May 142010

A lot of people seem to just take it for granted that their home will have been well insulated during construction. This sadly is often not the case. There are several reasons why your home might not be up to scratch in terms of insulation. The first is because the building contractor who built your home may very well have cut corners and simple omitted the correct level of insulation in an effort to save costs. Thankfully this practice is quite rare in homes built within the last ten years, due to increased regulatory controls.

The second reason your home may not be as well insulated as you would like is not really the fault of the builder. In some states the building codes are quite minimal in their insulation requirements. Putting in the absolute minimum building code requirement level of insulation is not recommended. I would always advocate using at least 20% to 30% more insulation depth, particularly in the attic, the main rout for heat loss.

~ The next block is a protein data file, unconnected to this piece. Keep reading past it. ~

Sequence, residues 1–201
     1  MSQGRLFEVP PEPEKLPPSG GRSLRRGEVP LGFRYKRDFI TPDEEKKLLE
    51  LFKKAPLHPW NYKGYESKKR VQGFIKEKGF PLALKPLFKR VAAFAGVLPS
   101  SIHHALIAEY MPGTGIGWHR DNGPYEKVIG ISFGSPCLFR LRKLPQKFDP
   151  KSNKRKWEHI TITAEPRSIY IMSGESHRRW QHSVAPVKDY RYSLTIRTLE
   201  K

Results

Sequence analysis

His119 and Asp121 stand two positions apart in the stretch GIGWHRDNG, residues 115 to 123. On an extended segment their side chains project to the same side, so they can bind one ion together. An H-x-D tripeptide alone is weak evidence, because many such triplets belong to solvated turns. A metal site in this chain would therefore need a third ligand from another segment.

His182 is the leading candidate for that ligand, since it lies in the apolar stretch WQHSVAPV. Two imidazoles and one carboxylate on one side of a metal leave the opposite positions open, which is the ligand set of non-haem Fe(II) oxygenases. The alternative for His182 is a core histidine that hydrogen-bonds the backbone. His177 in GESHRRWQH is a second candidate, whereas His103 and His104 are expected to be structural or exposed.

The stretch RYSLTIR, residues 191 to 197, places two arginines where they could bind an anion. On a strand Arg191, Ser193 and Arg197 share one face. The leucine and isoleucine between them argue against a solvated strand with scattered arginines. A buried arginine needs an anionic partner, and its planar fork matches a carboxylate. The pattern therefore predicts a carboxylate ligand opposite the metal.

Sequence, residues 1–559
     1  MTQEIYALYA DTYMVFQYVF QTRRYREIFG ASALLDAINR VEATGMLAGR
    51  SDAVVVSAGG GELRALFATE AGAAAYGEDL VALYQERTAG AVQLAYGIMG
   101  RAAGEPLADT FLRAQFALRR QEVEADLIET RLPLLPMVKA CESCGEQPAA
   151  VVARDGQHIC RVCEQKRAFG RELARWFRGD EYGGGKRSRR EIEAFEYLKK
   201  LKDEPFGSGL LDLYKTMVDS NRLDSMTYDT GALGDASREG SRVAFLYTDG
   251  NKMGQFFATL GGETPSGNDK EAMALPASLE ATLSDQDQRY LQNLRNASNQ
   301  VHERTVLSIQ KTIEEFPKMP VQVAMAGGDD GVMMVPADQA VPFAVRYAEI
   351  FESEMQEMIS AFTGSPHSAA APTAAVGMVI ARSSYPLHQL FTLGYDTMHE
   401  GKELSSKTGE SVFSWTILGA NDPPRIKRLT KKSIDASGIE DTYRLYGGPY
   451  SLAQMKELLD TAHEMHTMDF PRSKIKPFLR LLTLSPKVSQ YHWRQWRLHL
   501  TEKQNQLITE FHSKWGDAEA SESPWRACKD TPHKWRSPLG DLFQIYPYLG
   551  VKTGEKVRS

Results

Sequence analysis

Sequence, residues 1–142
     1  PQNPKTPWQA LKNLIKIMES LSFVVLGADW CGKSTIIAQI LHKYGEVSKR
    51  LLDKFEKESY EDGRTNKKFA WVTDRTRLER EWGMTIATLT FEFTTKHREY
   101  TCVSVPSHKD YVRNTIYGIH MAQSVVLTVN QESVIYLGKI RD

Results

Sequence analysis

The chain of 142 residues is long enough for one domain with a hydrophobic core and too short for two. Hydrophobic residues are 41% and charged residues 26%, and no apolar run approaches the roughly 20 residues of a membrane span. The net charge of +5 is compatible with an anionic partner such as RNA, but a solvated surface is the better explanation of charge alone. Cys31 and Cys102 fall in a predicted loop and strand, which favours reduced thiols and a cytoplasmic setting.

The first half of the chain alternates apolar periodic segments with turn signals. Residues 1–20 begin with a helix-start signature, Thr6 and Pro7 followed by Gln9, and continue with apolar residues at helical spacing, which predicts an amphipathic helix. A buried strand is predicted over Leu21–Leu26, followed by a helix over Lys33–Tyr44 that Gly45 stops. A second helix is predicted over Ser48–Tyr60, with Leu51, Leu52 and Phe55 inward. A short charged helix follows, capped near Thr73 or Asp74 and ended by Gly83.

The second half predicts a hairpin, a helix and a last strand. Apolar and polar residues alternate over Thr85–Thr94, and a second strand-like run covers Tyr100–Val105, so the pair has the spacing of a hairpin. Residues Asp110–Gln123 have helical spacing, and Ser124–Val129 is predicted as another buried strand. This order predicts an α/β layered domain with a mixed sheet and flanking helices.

If you suspect you may need to boost your insulation, the simplest option is to commission a survey of the house. In the energy conscious times we live in there should be plenty of surveyors in your local area offering their services. What you’re after is an insulation or energy audit. This will involve an experienced surveyor giving your house a thorough inspection, highlighting areas where you should increase you level of insulation. The surveyor will then put together a report that you can use as your blueprint for planning future insulation projects.

If you’re not sure whether or not you need to commission a survey, then first carry out your own preliminary inspection. Signs that you might have a problem, include sharp temperature changes once the heating has been turned off. A well insulated house should maintain a steady temperature for quite a while after the heat has been turned off, and not feel cold within half an hour.

An inspection of your attic should be carried out, you should check to make sure that you have between 10 and 15 inches of mineral wool evenly distributed over the floor of your attic. The key here is to make sure there are no gaps or patches in the insulation where heat can be leaked. If this level of inspection throws up some warning signs, then it’s well worth having a full survey done, if corners were cut in the attic, who knows where else you insulation might be deficient.

Jon Farrell writes further at

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Jon Farrell

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